1. The first area where Big Data & Predictive Analytics have a massive impact is around Due Diligence data of KYC (Know Your Customer) data. All of the above discussed data scraping from various sources can be easily automated by using tools in a Big Data stack to ingest information automatically. This is done by sending requests to data providers (the exact same ones that Banking institutions are currently using) via an API. Once this data is obtained, they can use real time processing tools (such as Apache Storm and Apache Spark) to apply sophisticated algorithms to that collected data to transform that data to calculate a Risk Score or Rating. In Trade Finance, Text Analytics can be used to process a range of documents like invoices, bills of lading, certificates of shipping etc to enable Banks to inspect a complex process across hundreds of entities operating across countries.  This approach enables Banks to process massive amounts of diverse data in quick time (even seconds) to synthesize it to accurate risk scores. Implementing Big Data in this very important workstream can help increase efficiency and reduce costs.
  2. The second area where Big Data shines at is in the space of helping create a Single View of a Customer as depicted below. This is made possible by doing advanced entity matching with the establishment and adoption of a lightweight entity ID service. This service will consist of entity assignment and batch reconciliation. The goal here is to get each business system to propagate the Entity ID back into their Core Banking, loan and payment systems, then transaction data will flow into the lake with this ID attached providing a way to do Customer 360.single-view-of-the-customer
  3. To be clear, we are advocating for a mix of both business rules and Data Science. Machine Learning is recommended as enables a range of business analytics across AML programs overcoming the limitations of a TMS. The first usecase is around Data Science for  – which is – Give me all transactions in one place, give me all the Case Mgmt files in one place, give me all of the customer data in one place and give me all External data (TBD) in one place. And the reason I want all of this is to perform Exploratory, hypothesis Data Science with the goal being to uncover areas of risk that one possibly missed out on before, find out areas that were not as risky as they thought were before so the risk score can be lowered and really constantly finding out the real Risk profile that your institution bears. E.g. Downgrading investment in your Trade financing as you are find a lot of Scrap Metal based fraudulent transactions.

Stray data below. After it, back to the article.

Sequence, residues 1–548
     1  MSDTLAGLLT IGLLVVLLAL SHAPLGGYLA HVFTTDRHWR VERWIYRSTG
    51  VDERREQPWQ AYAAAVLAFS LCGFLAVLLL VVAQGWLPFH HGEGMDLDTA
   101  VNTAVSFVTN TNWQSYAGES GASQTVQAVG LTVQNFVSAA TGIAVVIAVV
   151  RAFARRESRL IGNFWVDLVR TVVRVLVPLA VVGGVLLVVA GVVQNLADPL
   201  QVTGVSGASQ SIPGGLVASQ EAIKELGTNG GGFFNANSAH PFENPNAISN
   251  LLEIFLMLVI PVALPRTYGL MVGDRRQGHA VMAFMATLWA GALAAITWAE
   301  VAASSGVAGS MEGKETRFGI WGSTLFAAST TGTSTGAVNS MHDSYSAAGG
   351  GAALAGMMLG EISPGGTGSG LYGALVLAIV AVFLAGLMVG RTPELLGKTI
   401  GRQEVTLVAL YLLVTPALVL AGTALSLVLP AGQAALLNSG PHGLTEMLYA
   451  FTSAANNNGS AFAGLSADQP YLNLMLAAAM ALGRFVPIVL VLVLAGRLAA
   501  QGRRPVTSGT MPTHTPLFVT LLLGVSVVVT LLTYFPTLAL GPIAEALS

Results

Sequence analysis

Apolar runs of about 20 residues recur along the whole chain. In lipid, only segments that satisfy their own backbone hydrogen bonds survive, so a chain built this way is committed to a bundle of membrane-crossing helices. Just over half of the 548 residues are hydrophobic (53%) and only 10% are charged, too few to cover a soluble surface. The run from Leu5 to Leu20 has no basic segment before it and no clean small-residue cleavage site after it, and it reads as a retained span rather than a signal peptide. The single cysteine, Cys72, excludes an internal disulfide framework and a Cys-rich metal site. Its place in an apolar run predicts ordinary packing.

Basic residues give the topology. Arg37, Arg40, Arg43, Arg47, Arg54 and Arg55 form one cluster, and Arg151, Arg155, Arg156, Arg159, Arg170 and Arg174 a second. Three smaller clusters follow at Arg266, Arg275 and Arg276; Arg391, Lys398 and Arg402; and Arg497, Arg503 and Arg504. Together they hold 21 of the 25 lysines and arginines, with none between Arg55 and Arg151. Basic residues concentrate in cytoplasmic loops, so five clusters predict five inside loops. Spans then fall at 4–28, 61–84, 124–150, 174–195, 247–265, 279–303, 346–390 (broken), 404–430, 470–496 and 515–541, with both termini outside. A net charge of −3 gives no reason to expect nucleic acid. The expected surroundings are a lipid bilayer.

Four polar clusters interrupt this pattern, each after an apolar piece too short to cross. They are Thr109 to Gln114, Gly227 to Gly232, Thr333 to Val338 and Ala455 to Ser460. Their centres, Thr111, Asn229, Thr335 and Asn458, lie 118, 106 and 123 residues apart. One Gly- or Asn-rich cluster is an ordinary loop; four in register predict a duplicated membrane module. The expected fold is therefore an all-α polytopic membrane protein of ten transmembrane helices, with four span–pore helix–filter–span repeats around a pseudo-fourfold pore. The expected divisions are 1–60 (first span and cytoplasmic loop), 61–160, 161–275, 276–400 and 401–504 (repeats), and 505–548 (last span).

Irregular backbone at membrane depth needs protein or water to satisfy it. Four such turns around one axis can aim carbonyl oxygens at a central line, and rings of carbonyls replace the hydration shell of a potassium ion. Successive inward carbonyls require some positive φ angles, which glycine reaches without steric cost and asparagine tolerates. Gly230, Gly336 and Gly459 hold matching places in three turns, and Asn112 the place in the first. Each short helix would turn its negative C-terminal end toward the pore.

4. The other important value driver in deploying Data Science is to perform Advanced Transaction Monitoring Intelligence.  The core idea is to get years worth of Banking data in one location (the datalake) & then applying  unsupervised learning to glean patterns in those transactions. The goal is then to identify profiles of actors with the intent of feeding it into downstream surveillance & TM systems. This knowledge can then be used to –
  • Constantly learn transaction behavior for similar customers is very important in detecting laundering in areas like payment cards. It is very common to have retail businesses setup with the sole purpose of laundering money.
  • Discover transaction activity of trade finance customers with similar traits (types of businesses, nature of transfers, areas of operations etc.)
  • Segment customers by similar trasnaction behaviors
  • Understand common money laundering typologies and identify specific risks from a temporal and spatial/geographic standpoint
  • Improve and lear correlations between alert accuracy and suspicious activity reports (SAR) filings
  • Keep the noise level down by weeding out false positives

Benefits of a forward looking approach..  

We believe that we have a fresh approach that can help Banks with the following value drivers & metrics –

  • Detect AML violations on a proactive basis thus reducing the probability of massive fines
  • Save on staffing expenses for Customer Due Diligence (CDD)
  • Increase accurate production of suspicious activity reports (SAR)
  • Decrease the percent of corporate customers with AML-related account closures in the past year by customer risk level and reason – thus reducing loss of revenue
  • Decrease the overall KYC profile update backlog across geographies
  • Help create Customer 360 views that can help accelerate CLV (Customer Lifetime Value) as well as Customer Segmentation from a cross-sell/up-sell perspective

Big Data shines in all the above areas..

Conclusion…

The AML landscape will rapidly change over the next few years to accommodate the business requirements highlighted above. Regulatory authorities should also lead the way in adopting a Hadoop/ ML/Predictive Analytics based approach over the next few years. There is no other way to do tackle large & medium AML programs in a lower cost and highly automated manner.